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Looking for any and all advice!

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        08-03-2011, 03:37 PM
      #11
    Started
    Quote:
    My trainer doesn't seem worried about it. She thinks I can work through it but this is 3 lessons already.
    Ask her if you can ride for free.. ;) I am not surprised she isn't worried about it, she put you on this horse first.. I'm sorry but this screams inconsiderate.

    I have had people tell me "you can do it" while I am screaming inside and pure jelly. Nope I cannot at that time on that horse. I have a mare I have had difficulties with due to my confidence level with her.. I can ride 2 others I have just fine when they act up.. Btw, I am 57 and have been riding off and on since I was 12... You haven't been riding that long, right? Beginners should not be over faced..... Nobody should.. Yes you learn by riding lots of different horses, but not before you are ready for the "job"...
         
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        08-03-2011, 03:39 PM
      #12
    Started
    Quote:
    Originally Posted by ponyboy    
    .....

    Part of your instructor's job is to prepare you for the dangers you may encounter while riding. The best way to do that is with a horse who behaves badly but in a predictable way. Now, if you're falling off twice a lesson, then yes you're over mounted. But you absolutely should ride a horse like this one sooner or later. Learning to to anything well is never fun all of the time.
    Don't you think this is too much too soon?

    Heck If I fell off twice each lesson I'd quit..
         
        08-03-2011, 06:13 PM
      #13
    Weanling
    Quote:
    Originally Posted by Appyt    
    Don't you think this is too much too soon?

    Heck If I fell off twice each lesson I'd quit..
    lol, I think I would too. I wish I could get the cowgirl up attitude and be tough. I feel like a loser at the thought of switching barns. I want to ride this horse so bad. I just feel like I can't and it frustrates me to no end. I would think it was 100% my crappy riding but the other 3 were fantastic. And they weren't dead heads. They challenged me but I won. I just can't connect with this horse. It's like she can't stand me or something.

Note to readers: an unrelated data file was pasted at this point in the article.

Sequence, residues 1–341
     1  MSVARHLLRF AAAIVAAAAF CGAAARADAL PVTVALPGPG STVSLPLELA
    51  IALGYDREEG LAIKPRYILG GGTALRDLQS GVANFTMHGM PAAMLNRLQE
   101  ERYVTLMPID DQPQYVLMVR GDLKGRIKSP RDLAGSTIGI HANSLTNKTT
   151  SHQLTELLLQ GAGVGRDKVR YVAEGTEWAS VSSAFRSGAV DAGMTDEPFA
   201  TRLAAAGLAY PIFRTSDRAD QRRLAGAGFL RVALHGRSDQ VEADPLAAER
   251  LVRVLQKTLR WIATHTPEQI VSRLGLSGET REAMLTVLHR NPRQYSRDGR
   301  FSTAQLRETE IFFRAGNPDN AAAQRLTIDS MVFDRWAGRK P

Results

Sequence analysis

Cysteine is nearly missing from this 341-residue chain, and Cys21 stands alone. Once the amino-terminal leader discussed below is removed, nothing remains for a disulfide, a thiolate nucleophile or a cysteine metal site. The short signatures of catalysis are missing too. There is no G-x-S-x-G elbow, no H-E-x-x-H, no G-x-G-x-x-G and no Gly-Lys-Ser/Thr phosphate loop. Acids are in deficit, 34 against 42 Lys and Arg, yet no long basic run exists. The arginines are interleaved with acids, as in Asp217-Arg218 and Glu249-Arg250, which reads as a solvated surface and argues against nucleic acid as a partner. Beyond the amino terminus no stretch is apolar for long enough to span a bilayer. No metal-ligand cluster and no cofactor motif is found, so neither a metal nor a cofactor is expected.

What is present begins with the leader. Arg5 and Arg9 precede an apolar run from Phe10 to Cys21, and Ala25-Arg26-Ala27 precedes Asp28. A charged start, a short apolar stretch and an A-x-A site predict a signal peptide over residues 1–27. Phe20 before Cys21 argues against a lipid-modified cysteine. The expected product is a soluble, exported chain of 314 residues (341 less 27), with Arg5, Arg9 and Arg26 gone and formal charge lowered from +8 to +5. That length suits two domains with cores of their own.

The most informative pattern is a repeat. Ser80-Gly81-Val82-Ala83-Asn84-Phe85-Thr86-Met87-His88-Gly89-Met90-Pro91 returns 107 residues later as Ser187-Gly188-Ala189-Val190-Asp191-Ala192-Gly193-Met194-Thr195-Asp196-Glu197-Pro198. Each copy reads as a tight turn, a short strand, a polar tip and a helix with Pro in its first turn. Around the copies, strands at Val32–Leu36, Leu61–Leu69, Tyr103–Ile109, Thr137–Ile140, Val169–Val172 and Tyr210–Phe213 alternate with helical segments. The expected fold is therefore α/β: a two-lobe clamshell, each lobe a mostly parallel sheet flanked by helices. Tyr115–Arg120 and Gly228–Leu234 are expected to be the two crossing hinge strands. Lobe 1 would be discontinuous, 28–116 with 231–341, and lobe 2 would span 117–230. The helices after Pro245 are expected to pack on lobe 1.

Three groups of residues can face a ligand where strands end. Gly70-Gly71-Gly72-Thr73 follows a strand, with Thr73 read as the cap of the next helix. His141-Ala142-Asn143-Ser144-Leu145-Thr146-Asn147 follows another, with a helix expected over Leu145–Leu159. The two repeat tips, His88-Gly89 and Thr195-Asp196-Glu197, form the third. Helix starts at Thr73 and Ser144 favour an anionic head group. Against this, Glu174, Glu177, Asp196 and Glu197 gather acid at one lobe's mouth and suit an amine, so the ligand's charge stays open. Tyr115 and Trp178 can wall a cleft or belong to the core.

Quote:

    I have had people tell me "you can do it" while I am screaming inside and pure jelly.
    exactly! I get visions of Christopher Reeve in my head riding and that is just not good. Before I was leaving all of my lessons feeling great. I was almost cantering on the other horse. Now I can't even get this mare to trot.

    Ponyboy I really do appreciate the advice. I am going to follow this advice for the lesson this Friday. I see what you are saying and you're right. If I only have well behaved horses I won't learn. I know I am learning a lot but I guess I feel like at some point the learning is stopping and fear is taking over. Also, my lessons are in the evening, after summer girl's camp and I'm wondering if this mare is just tired and wants to call it a day.
         
        08-03-2011, 06:30 PM
      #14
    Yearling
    Quote:
    Originally Posted by Appyt    
    Don't you think this is too much too soon?

    Heck If I fell off twice each lesson I'd quit..
    You bold "sooner or later" in my post, and then say I'm demanding too much to soon? OK then.
         
        08-03-2011, 06:37 PM
      #15
    Weanling